Monday, June 19, 2017

Fate skips a beat and it scares you to death: THIS IS HOW IT ALWAYS IS.

This Is How It Always IsThis Is How It Always Is by Laurie Frankel

Rosie and Penn are a bit of an amazing love story. They both knew they'd fall in love before they even met. Now they have five rambunctious kids, a farmhouse in Wisconsin, and a crazy, wonderful life. Things get a little more complicated, however, when their youngest son, Claude, starts wanting to wear a dress to preschool. Claude wants long hair with barrettes. Claude wants to be a princess when he grows up. Rosie and Penn are supportive of Claude: they just want their children to be happy, after all. But they soon realize Claude isn't just going through a phase. Claude has gender dysphoria, and their son wants to become a little girl named Poppy. The family is willing to support Poppy, but Rosie and Penn make the decision to do so in secret. But secrets don't stay kept forever.

This is a fascinating, heartbreaking, and beautiful book. It's filled with endearing characters, and I will certainly be recommending it to many people. I had a few issues with some of the realism aspects (more on that below), but I loved its details about raising children (of all kinds) and its humor. Penn, Rosie, and their kids are real.

Woven and embedded throughout this novel is a fairytale that Penn tells his children--starting with when his first boys were babies--and in some ways, the novel itself has its own fairytale moments. Frankel mentions that she does have a child who used to be a little boy and is now a little girl, but the story is not about her daughter. It is, she writes, "an act of imagination, an exercise in wish fulfillment." Still, you can imagine her as a supportive parent. That's certainly not everyone's experience. Does that mean everyone has to write a novel where the child's parents throw them out and society shames them? No. Would I have liked to have a seen a little more of a realistic take on how Poppy and her parents would deal with her secret and how those around her would take it? Maybe. It's not that the family doesn't have hardship, because they do, and Frankel does a good job showing that it takes a bit of a toll on her clan of brothers, as well. But--and I don't want to go into too much, as I don't want to give spoilers--I felt the resolution to the story was a bit pat. Much like Penn's fairytales, it seems to allow things to just wrap up quickly easily. So that was a little problematic for me. But, I didn't feel as irritated after reading Frankel's afterword, because I realize that this novel--for her--is indeed an "exercise in wish fulfillment." This is what she wants in the world. I won't lie: it's what I wish for as well. And perhaps reading novels like this, featuring a wonderful, precocious little boy who can become a wonderful, beautiful, mostly accepted little girl, is a great first step.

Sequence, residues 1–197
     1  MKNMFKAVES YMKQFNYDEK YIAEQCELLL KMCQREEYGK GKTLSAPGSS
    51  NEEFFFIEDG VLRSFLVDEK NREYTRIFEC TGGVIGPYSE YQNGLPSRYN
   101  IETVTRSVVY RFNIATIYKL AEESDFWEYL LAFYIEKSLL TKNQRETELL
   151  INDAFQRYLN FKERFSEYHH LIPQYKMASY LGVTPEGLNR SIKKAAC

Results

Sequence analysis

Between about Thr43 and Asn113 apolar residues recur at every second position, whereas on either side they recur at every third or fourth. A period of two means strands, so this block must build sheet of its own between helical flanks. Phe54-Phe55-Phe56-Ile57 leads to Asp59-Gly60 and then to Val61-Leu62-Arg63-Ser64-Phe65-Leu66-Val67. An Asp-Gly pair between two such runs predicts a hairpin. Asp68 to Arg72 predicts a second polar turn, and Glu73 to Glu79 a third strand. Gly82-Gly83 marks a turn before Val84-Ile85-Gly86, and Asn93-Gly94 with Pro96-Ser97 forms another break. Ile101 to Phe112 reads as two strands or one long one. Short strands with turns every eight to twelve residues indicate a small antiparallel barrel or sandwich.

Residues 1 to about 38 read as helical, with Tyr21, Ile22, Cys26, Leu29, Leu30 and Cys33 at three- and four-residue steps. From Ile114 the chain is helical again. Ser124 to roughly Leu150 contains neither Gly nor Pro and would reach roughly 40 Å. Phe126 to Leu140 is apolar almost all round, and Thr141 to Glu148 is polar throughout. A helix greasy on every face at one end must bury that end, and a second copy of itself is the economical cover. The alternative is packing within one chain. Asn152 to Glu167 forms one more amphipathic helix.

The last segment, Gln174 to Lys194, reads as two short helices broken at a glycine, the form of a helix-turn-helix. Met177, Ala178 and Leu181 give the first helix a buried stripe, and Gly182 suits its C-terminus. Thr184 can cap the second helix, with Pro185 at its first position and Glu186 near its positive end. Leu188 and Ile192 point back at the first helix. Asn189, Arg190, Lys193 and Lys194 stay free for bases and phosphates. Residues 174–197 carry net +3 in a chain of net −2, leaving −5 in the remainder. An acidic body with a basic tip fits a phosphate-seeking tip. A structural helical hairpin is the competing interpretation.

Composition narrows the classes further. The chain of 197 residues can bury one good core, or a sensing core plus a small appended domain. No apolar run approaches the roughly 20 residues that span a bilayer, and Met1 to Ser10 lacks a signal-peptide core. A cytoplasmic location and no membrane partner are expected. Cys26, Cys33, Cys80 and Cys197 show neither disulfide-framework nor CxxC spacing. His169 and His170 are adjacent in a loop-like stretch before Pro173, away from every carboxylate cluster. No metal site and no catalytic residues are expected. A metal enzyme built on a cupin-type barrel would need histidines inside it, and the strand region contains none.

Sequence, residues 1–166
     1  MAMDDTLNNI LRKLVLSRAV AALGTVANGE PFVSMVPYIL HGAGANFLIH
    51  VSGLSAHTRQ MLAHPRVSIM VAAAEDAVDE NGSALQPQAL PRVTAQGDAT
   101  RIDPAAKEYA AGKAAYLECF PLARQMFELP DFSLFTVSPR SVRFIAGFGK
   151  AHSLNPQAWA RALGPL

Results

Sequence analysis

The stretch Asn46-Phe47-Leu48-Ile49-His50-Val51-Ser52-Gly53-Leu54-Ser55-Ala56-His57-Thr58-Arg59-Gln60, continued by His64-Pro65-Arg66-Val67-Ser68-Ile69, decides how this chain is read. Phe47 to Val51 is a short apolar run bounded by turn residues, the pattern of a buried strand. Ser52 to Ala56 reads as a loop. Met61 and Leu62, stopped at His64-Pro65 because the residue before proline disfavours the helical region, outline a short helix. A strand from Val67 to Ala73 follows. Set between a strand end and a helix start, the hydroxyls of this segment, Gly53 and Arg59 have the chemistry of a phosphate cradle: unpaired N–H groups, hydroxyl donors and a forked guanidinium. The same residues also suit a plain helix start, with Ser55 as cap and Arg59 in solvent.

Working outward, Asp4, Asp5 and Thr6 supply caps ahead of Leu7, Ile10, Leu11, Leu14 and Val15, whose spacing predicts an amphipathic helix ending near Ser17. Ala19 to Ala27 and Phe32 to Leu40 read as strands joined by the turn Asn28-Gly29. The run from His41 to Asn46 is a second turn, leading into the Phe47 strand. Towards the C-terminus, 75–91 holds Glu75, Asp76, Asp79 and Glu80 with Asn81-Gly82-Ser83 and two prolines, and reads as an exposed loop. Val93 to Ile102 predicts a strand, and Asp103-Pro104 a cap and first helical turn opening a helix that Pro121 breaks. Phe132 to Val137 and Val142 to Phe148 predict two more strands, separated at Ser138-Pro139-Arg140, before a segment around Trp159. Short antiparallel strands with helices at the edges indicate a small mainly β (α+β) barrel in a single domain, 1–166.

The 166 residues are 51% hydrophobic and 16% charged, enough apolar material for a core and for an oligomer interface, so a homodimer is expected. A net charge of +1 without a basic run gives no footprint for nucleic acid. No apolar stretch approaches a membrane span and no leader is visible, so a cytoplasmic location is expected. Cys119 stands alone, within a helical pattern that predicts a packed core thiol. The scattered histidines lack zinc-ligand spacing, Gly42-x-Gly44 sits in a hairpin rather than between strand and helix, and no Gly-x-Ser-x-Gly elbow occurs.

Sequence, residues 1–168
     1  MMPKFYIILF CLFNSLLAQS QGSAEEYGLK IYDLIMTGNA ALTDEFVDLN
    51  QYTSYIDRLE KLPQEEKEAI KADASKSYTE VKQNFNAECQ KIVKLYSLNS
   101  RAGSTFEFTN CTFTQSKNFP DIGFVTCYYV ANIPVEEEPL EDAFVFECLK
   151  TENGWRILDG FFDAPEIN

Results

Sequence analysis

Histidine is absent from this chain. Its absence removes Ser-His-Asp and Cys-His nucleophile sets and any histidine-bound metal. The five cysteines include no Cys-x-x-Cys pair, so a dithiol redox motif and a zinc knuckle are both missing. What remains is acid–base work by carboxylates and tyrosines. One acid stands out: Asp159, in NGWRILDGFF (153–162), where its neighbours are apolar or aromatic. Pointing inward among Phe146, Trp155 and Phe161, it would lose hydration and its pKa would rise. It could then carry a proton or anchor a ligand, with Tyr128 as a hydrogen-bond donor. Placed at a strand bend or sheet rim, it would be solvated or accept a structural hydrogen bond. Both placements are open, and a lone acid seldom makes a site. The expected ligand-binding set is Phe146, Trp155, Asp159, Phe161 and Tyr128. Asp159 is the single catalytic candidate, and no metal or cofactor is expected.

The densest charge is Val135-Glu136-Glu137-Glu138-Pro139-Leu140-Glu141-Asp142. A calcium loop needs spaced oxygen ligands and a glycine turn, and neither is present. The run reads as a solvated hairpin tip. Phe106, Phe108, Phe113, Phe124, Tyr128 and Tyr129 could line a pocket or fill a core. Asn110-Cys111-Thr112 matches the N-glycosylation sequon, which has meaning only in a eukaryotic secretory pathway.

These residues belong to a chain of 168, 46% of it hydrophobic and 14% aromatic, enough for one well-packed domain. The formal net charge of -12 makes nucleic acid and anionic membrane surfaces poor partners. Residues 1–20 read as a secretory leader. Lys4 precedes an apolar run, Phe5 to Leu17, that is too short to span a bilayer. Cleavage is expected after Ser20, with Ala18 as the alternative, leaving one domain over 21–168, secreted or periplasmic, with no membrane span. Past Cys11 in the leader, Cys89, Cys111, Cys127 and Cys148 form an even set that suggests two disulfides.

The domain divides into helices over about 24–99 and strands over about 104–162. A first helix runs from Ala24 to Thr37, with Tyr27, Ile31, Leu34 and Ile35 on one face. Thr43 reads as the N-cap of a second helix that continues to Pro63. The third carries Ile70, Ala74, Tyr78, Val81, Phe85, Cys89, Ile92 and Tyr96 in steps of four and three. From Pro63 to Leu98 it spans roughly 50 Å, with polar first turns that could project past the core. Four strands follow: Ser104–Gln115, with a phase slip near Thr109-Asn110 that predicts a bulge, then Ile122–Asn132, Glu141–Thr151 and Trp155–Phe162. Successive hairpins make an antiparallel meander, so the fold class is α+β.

The novel is intricate and very detailed, though quite well-written. It's heartbreaking in Penn and Rosie's realization that Claude wants to be a girl and what that will mean for him and the family. They only want for their children to be happy. Frankel does an excellent job at portraying how adults and children can see the world so differently--in terms of gender and much more. As a parent, I often found myself wondering about what I'd do in their situation: it's a book that gets you thinking, for sure. In the end, I loved the family very much and was quite invested in their happiness. Again, another reason why I would have liked a slightly more developed ending after having gone through so much with them.

Still, this is a lovely, timely book. No matter some of the issues I had, I still enjoyed it and certainly recommend it.

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